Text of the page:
Why do Glaciers Move?
One of the simplest explanations for why glaciers move is this: Glaciers are made of ice (that’s frozen water). In a way, glaciers are alive and subject to the effects of temperature, sunlight and wind, among other things. Think of a glacier as a huge frozen river. We can see the end of this river of ice where it stops.
That bit of information would explain part of the reason that glaciers have been receding all over the planet. For example, one huge glacier in New Zealand has almost disappeared in comparison to its status just 15 years ago. The river of ice is melting and becoming much smaller. And it’s doing it very quickly.
Atmospheric conditions such as sunlight and elevated temperatures aren’t the only reason glaciers are receding at alarming rates. Some of the chemical content of the air also causes ice to melt. This contributes to the loss of mass in glaciers.
But what about the movement of a glacier down the valley? Pressure and gravity have something to do with this. The huge mass of ice at the mouth of the glacier (the end we can see) is subject to a lot of pressure. Heat associated with this pressure and with warm air temperatures causing ice at the mouth of the glacier to melt. Ice from above then has room to move downward to replace the melting ice.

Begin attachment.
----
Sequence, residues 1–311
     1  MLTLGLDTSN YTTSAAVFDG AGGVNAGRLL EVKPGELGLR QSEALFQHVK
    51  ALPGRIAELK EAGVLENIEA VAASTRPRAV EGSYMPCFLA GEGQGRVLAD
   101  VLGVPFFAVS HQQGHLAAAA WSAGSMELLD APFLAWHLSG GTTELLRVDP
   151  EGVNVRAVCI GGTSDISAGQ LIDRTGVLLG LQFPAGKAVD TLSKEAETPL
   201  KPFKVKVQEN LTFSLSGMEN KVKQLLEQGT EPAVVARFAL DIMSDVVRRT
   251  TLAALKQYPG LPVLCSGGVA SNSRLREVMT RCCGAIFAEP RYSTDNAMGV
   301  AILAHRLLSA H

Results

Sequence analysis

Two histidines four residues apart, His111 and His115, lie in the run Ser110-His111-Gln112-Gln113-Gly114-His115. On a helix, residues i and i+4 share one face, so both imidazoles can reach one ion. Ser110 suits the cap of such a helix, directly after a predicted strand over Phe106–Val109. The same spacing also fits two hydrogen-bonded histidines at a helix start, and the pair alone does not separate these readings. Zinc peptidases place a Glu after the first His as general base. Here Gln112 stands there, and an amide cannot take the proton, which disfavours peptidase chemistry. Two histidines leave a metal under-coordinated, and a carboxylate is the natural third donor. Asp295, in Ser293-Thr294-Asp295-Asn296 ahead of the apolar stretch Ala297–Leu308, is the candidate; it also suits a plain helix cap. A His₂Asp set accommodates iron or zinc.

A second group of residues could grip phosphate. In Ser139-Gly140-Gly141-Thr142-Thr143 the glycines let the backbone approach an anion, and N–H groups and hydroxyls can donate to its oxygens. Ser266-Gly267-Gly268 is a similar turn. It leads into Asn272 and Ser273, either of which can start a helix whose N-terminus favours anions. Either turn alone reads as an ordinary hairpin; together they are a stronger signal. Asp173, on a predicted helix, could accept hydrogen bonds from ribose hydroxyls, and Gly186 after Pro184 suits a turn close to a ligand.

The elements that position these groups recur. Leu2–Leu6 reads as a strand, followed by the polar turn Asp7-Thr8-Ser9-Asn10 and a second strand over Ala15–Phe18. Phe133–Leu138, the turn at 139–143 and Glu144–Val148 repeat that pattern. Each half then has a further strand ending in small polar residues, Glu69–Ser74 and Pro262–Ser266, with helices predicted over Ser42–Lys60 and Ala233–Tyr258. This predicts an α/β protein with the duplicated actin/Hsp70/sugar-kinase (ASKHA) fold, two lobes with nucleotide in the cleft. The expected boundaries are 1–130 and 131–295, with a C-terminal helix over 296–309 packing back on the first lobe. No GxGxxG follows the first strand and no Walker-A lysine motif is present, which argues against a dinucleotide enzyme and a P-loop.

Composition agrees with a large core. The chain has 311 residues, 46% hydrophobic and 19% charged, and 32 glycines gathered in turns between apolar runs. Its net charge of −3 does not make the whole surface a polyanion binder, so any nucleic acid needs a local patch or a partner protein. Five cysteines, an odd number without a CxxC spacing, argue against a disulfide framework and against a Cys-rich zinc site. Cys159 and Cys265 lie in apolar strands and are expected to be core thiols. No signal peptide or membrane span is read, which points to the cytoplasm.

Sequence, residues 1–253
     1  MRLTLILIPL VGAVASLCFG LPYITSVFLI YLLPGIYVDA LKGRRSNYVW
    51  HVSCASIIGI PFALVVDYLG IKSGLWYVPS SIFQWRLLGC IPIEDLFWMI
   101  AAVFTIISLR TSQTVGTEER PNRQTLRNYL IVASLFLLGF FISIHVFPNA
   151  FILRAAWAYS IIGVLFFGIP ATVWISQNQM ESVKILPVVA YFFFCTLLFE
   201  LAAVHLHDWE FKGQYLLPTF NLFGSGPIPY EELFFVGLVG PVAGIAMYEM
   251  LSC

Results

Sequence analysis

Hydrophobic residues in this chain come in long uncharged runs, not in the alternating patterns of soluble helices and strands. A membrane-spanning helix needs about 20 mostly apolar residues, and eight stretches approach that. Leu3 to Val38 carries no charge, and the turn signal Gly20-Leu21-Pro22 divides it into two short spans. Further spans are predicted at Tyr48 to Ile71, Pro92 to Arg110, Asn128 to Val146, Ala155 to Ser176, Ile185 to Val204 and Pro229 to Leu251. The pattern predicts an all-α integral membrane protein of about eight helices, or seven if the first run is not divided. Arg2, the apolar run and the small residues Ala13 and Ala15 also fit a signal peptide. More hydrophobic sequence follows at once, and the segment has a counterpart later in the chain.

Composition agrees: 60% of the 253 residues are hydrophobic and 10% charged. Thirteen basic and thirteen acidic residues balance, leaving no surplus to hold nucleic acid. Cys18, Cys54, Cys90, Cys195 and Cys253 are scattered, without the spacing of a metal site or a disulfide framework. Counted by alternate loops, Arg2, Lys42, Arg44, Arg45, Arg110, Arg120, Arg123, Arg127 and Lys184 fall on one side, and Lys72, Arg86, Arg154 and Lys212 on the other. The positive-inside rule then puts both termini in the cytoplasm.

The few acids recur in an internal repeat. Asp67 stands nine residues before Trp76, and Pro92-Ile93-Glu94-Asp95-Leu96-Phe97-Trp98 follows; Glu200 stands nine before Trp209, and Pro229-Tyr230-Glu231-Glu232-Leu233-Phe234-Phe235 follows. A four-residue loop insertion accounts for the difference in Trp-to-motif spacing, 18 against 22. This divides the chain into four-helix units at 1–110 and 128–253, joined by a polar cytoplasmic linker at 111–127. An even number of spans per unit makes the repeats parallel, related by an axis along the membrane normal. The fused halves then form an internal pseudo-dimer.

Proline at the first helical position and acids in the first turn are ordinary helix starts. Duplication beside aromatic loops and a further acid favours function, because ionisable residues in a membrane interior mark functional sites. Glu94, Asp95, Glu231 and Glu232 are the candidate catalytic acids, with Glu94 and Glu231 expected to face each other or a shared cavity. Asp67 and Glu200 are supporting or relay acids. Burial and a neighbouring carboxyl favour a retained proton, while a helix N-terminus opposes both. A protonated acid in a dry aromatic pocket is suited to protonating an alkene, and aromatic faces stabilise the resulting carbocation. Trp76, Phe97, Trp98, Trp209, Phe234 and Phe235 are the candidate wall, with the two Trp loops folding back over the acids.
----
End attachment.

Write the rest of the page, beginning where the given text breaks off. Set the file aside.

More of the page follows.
Glaciers move very slowly because of this process, sometimes only an inch a day or less. If there is insufficient moisture and ice at higher elevations the melting ice at the mouth of the glacier won’t be replaced. There isn’t enough ice/weight to push down and constantly renew the glacier.
Within the glacier there are ice crystals that can move rather easily due to less pressure. Internal movement of the ice mass also helps move the glacier forward. A huge glacier may move several feet on rare occasions. In fact, one glacier in the Himalayan Mountains moved a few miles in a matter of months. This is extremely rare, of course. A combination of factors caused the mass to move so far and so fast.
As mentioned earlier, if there is not enough snow at higher elevations to create new flows of moisture the glacier may be seen to retreat. Just as it is rare to see a glacier move several miles, it is rare to see glaciers recede long distances. But this has become a bit more common in recent years. Perhaps because of warmer air temperatures and other factors, some glaciers have receded consistently over the past few years.
Other glaciers have moved forward several feet in a period of days. One Alaska glacier moved several meters each day in the mid-1980s. In fact, the effect of this rapid advance was the closing off of an area that ultimately filled with water, creating a new lake. Glaciers are massive objects when viewed as a whole. Glacier movement can affect much of the surrounding area.